I agree with all of this. The quick version, for people who don’t want to take time to watch the video is this:
Creators put videos on YouTube, and they get ad-revenue based on views.
Other people/companies/etc take popular videos from YouTube and post them (in Facebook video format) onto their own Facebook page.
Creators don’t like this, because it deprives them of ad-revenue, popularity, and allows other people (on Facebook) to get the benefits of their videos (growing their own brand, increased popularity of their Facebook page, allowing them to sell other products, etc).
Yup. I agree with all of this. Southpark does a good job of explaining how freemium works. Recently, I heard a guy explain how much money he earned from various business models (free but with advertisements, pay for the app, freemium), and he said that freemium was the clear winner when it came to earning revenue, so I can’t entirely blame creators for using that business model.
I’m posting this because I just think the idea behind this game is hilarious. It’s a side-scrolling shooter like Metal Slug or Contra, except you’re playing as an famous hypermasculine action hero (Rambo, Mr.T, etc). I also think it’s a good lesson in how a good game concept can be viral.
It also reminded me of this video, which is also pretty cool. (It gets progressively more surreal.)
A patent troll has been going around sending threatening letters and demanding money from podcasters for violating his patent. This patent troll wants to use the legal system to force podcasters (potentially all podcasters) to make him rich while he does nothing. This is galling on several levels: it harms creators and it makes lazy patent trolls rich. These patent trolls are little more than parasites.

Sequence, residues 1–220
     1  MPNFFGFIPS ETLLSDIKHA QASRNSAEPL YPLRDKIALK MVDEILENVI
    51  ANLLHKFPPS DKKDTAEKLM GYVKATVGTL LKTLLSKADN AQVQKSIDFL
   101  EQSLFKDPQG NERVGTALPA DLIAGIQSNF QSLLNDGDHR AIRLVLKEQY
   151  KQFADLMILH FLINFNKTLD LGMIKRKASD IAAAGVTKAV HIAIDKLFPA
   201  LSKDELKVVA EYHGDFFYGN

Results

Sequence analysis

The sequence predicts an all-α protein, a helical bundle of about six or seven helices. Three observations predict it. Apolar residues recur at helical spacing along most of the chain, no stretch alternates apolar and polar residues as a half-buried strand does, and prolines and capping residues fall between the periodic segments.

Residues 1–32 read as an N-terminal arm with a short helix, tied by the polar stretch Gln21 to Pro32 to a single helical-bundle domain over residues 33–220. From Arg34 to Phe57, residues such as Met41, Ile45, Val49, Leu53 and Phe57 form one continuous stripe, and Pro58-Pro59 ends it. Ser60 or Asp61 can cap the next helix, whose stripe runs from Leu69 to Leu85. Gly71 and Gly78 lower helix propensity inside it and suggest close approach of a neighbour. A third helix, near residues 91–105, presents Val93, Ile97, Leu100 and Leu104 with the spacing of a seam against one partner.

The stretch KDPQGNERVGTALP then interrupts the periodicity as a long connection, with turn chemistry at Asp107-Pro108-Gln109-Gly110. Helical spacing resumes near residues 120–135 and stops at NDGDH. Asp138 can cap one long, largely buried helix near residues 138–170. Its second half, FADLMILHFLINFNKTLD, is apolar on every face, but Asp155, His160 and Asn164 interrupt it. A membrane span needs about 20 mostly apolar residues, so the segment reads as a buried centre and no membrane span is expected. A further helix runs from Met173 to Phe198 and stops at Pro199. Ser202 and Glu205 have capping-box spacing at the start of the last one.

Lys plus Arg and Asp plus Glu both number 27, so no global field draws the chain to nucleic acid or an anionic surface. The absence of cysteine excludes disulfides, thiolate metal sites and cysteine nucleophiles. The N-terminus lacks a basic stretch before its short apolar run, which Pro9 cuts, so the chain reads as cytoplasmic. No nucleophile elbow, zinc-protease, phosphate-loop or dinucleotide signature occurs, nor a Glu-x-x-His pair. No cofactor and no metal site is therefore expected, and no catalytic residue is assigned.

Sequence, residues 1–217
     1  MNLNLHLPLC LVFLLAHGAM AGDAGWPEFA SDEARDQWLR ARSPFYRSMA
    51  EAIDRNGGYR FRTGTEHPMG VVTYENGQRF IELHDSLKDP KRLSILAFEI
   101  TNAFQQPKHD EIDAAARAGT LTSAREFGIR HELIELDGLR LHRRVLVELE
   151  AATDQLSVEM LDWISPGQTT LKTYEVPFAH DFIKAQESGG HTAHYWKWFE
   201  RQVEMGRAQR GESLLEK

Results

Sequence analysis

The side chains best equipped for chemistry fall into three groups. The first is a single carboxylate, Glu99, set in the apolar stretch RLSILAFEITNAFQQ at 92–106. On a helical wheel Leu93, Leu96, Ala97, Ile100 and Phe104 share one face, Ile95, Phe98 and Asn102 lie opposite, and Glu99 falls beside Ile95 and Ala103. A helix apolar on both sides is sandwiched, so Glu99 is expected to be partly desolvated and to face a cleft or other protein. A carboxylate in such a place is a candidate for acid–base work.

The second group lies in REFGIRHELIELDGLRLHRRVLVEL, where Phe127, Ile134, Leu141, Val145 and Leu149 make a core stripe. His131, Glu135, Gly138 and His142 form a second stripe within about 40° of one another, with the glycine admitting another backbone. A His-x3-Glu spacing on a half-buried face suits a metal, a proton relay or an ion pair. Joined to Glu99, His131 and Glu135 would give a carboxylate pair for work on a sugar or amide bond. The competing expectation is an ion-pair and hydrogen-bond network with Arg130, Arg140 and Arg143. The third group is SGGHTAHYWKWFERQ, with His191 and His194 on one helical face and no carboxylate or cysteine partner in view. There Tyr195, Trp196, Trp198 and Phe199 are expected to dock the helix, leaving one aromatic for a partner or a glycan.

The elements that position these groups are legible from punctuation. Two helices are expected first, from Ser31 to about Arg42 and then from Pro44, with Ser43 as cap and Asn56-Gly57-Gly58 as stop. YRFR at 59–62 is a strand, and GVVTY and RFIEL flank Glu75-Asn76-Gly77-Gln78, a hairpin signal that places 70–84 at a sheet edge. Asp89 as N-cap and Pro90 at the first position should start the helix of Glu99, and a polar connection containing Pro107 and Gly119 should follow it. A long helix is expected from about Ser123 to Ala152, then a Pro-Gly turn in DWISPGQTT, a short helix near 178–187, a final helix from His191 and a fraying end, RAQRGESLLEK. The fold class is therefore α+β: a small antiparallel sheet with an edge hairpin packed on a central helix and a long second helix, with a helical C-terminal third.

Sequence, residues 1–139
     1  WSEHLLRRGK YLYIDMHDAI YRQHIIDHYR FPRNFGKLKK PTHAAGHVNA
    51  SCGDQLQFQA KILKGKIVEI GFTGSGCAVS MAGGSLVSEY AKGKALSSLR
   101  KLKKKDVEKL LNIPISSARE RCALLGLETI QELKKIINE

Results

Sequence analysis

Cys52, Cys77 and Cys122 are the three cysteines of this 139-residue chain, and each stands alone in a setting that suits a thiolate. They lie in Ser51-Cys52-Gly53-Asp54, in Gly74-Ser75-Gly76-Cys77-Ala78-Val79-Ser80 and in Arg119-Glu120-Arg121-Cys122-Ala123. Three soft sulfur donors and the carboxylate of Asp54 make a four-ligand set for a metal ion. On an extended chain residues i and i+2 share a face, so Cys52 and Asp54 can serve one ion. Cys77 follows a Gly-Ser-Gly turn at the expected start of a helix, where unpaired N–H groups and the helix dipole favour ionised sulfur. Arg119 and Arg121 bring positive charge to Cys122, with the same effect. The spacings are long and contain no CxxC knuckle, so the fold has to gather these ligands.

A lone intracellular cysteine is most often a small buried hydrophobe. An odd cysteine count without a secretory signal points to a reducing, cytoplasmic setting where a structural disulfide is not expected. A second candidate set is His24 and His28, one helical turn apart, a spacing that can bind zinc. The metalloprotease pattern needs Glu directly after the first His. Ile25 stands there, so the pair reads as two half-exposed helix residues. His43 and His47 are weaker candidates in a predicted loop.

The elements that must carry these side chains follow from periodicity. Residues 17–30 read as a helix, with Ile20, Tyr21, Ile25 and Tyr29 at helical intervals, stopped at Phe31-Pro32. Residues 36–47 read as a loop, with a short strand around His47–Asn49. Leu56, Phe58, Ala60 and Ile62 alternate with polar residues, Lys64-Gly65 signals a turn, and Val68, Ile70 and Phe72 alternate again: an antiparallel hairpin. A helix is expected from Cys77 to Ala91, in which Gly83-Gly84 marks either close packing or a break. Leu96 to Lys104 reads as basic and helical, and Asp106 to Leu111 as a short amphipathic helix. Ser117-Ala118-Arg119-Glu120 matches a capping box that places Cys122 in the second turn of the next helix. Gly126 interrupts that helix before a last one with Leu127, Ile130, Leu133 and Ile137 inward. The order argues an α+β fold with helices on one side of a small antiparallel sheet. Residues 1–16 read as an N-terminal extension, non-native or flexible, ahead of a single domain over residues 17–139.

Admittedly, this problem is just a symptom of a larger problem with the US patent laws: the ability to patent vague processes which are obvious and high-tech versions of existing technology.
“Patent troll Personal Audio has sued top podcasters including Adam Carolla and HowStuffWorks, claiming that they own the patent for delivery of episodic content over the Internet. Adam Carolla is fighting back and has started a Fund Anything campaign to cover legal fees. From the Fund Anything campaign page: ‘If Adam Carolla loses this battle, then every other Podcast will be quickly shut down. Why? Because Patent Trolls like Personal Audio would use a victory over Carolla as leverage to extort money from every other Podcast.. As you probably know, Podcasts are inherently small, owner-operated businesses that do not have the financial resources to fight off this type of an assault. Therefore, Podcasts as we know them today would cease to exist.’ James Logan of Personal Audio answered Slashdotters’ questions in June 2013. Links to the patent in question can be found on Personal Audio’s website. The EFF filed a challenge against Personal Audio’s podcasting patent in October 2013.”